On 10 December, Richard Holladay shared with us a selection of photographs - some fifty in all - from his vast collection of advertisements for Exeter businesses. His collection dates from Victorian times right up to the Second World War.
Richard’s photographs showed that window displays were an essential part of attracting passing trade. But how crowded they were, compared to today’s displays (see left). Every bit of space was used, including sign writing all over the upper floors of the building (executed by a craftsman on a ladder – a far cry from today’s safety rules).
These advertisements provide us with an excellent picture of life in those times, what people bought and why. Those who created the ads were certainly imaginative and resourceful, even if they did bend the truth a bit!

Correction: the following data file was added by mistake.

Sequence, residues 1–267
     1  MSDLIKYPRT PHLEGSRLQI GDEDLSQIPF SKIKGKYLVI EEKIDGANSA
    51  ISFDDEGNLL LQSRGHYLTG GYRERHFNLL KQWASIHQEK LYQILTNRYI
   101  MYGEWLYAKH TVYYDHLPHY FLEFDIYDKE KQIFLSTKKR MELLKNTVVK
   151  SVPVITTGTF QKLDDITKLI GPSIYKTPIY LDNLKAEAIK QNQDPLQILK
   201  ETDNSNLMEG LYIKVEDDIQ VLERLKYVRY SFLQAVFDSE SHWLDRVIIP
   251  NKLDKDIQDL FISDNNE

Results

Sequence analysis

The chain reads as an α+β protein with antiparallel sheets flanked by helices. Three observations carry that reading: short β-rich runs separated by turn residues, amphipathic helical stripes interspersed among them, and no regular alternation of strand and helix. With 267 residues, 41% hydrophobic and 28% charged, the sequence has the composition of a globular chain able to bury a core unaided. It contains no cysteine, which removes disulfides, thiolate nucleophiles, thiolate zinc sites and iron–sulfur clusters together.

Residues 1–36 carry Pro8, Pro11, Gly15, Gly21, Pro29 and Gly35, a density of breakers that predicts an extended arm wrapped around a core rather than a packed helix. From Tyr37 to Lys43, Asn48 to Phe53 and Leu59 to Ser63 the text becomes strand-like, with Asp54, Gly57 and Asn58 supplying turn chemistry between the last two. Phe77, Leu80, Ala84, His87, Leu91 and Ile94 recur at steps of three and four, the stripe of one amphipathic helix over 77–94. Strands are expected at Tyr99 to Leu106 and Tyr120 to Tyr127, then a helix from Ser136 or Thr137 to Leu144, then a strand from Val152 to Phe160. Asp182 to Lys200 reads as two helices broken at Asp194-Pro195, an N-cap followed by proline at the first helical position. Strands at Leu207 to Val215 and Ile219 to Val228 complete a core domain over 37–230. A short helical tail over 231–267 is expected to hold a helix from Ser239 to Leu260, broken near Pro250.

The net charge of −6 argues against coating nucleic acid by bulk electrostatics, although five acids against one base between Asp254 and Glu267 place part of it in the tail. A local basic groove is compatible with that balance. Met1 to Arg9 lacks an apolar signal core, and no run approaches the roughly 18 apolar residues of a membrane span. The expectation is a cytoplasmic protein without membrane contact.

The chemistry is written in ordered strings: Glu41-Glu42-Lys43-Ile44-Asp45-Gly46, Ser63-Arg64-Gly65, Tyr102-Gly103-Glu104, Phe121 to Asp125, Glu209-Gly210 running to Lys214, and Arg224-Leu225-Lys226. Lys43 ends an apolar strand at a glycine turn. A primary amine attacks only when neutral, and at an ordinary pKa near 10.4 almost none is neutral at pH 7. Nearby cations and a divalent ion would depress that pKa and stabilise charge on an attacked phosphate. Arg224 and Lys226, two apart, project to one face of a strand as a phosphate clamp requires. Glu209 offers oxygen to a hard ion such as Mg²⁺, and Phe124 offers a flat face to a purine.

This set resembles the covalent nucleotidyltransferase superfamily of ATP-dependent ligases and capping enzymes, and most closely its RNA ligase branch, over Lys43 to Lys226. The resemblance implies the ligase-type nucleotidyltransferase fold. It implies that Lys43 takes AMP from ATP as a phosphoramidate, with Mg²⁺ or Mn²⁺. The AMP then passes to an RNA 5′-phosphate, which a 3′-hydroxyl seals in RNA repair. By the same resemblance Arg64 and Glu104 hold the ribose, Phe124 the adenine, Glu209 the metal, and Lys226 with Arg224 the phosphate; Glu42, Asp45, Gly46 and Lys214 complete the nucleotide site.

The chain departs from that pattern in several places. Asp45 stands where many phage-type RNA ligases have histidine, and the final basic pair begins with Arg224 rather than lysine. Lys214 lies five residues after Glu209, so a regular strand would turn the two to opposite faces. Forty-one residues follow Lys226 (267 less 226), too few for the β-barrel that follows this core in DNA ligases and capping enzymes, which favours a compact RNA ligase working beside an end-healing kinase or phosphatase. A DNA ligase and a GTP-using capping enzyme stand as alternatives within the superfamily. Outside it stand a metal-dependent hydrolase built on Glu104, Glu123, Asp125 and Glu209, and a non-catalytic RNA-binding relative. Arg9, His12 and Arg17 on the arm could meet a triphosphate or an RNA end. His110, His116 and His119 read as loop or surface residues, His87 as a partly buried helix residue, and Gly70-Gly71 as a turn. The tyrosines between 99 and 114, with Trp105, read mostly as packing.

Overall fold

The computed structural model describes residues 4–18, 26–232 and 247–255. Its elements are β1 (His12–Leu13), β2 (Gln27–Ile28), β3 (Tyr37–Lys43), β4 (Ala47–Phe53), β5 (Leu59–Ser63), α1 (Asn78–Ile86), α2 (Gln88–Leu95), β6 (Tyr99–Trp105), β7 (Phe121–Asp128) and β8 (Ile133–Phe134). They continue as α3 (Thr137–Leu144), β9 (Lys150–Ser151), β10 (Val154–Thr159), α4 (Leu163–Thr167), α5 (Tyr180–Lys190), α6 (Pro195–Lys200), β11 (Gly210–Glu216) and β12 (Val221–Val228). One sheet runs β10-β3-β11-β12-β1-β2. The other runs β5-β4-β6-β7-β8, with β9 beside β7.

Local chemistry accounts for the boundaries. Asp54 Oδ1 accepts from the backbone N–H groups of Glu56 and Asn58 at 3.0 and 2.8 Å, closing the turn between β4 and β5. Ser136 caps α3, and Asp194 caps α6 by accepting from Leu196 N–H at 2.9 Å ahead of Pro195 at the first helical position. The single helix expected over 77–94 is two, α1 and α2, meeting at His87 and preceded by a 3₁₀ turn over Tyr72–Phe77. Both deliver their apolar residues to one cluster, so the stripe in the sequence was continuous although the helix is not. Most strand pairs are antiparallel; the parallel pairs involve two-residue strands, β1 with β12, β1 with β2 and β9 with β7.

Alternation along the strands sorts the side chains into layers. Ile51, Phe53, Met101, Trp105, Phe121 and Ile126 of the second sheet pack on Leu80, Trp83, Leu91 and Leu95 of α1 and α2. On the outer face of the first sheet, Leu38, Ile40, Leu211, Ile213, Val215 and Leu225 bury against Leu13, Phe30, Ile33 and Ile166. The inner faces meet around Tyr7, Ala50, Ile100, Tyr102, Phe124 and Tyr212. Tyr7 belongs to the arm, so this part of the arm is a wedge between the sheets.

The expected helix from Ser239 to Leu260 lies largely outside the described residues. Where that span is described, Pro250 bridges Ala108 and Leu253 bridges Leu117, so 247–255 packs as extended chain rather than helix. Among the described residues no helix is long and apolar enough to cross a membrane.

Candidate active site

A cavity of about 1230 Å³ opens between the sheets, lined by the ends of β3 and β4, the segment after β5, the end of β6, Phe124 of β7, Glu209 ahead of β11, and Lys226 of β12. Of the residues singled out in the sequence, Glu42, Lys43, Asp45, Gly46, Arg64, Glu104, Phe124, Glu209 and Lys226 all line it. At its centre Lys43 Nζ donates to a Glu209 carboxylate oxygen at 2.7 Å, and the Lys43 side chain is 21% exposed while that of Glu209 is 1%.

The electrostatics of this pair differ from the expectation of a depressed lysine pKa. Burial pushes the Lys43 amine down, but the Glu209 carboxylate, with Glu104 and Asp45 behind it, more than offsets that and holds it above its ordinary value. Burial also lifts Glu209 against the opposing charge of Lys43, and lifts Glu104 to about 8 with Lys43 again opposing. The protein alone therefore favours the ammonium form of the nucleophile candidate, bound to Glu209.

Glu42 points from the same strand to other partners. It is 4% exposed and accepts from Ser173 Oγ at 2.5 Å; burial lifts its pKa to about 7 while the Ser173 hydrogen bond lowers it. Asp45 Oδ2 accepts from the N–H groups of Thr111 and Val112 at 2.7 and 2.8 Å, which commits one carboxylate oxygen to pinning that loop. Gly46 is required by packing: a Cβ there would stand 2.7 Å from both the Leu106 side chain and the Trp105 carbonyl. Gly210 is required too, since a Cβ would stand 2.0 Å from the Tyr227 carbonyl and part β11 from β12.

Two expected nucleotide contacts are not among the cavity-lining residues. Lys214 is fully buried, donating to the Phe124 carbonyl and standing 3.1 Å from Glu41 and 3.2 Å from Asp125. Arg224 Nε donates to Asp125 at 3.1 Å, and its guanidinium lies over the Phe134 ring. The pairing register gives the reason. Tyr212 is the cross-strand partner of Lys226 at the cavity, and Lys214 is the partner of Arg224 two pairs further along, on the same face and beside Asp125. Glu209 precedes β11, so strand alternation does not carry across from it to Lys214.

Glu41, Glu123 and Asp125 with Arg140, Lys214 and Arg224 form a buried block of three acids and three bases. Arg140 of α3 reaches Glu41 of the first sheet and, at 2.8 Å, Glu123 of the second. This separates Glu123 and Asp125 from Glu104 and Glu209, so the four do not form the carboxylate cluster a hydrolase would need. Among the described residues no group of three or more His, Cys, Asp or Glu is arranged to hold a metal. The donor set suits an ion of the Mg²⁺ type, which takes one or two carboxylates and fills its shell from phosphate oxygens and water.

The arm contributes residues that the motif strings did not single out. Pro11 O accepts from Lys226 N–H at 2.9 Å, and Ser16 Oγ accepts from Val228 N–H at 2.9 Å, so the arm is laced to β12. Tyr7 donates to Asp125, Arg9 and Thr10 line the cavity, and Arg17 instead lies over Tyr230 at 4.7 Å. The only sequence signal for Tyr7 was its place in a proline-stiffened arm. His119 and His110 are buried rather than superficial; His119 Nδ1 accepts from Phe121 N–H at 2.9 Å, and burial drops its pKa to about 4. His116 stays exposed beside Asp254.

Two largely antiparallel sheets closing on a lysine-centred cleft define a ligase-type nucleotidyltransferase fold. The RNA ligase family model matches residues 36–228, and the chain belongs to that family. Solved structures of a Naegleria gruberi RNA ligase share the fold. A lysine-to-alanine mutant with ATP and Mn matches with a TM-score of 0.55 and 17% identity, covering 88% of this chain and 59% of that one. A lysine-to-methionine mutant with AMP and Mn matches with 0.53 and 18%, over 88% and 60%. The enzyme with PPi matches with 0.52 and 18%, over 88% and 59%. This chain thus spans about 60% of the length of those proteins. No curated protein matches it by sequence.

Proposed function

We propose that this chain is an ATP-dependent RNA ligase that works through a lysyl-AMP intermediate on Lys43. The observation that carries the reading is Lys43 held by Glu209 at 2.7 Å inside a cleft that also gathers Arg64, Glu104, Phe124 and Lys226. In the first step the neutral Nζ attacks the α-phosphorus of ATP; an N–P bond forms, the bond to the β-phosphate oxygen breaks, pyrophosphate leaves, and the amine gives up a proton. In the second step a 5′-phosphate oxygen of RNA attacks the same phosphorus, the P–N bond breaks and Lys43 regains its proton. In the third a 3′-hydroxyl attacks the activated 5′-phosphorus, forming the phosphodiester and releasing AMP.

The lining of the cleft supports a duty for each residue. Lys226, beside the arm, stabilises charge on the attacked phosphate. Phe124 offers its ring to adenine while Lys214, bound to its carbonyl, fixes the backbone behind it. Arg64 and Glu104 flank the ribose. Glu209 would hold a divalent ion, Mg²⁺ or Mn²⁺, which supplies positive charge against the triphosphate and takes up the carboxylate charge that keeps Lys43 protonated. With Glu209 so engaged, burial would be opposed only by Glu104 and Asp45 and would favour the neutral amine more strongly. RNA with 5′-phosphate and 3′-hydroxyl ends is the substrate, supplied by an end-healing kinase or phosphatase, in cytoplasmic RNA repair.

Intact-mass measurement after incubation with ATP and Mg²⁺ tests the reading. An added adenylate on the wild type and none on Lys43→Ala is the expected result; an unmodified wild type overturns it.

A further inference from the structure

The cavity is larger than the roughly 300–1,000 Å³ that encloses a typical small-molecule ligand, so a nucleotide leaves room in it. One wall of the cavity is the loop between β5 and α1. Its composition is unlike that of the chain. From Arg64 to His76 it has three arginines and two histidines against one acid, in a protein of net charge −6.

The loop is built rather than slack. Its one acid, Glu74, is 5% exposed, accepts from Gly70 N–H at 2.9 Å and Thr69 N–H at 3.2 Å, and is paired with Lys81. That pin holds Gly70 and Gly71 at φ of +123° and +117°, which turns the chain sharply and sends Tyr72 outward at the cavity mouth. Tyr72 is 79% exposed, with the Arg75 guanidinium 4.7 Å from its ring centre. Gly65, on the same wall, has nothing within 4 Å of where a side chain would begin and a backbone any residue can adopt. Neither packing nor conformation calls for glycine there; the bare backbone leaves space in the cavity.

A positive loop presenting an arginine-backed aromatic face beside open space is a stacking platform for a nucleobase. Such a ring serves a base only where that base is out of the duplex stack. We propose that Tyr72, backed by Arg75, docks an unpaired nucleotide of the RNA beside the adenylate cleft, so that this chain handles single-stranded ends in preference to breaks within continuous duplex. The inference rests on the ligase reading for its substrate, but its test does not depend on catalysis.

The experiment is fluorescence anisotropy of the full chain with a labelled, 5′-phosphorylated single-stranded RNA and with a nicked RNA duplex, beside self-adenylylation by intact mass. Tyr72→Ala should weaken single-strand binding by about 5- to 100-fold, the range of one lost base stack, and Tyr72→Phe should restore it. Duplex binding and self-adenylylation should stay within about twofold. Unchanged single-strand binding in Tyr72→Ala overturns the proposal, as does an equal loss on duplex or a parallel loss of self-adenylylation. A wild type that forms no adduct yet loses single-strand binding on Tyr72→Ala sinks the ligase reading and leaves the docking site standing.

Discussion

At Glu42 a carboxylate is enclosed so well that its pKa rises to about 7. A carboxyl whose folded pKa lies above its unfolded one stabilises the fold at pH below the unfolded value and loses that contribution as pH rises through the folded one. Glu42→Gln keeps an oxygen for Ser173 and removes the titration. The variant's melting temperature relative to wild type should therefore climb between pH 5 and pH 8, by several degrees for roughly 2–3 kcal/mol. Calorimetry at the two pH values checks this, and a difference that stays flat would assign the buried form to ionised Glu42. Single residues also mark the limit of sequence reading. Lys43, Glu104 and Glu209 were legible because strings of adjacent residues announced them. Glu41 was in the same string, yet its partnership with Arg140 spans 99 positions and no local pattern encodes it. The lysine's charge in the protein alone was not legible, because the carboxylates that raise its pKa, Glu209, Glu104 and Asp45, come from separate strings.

Ironmongery customers were tempted by Mr John Damerell with his tantalising offer that they invest their hard earned cash in Stocks and Shares whereas Stone & Son (of furniture cream fame) promised that their Essence of Rennett will “survive for years, even in the hottest climate” – so comforting to know that even in the Sahara one can always make junket!
Of all the adverts shown, only three businesses continue to trade under their original names, one of these being the national chain, Boots. Small businesses such as tailors, dentists, laundries and dairies which had prospered in late Victorian times and survived the First World War did not survive the Second.
The bombing obliterated so many of them. Those businesses that did survive the blitz often changed hands and names and by the millennium most still in private ownership had disappeared from the High Street - even well remembered names such as Brocks, Ottons, Mark Rowe and Hill Palmer & Edwards.
The talk was much enlivened by interesting and knowledgeable input from those present, often being answers to queries posed by members in the audience, Richard not always being able to provide answers to some of the searching questions raised!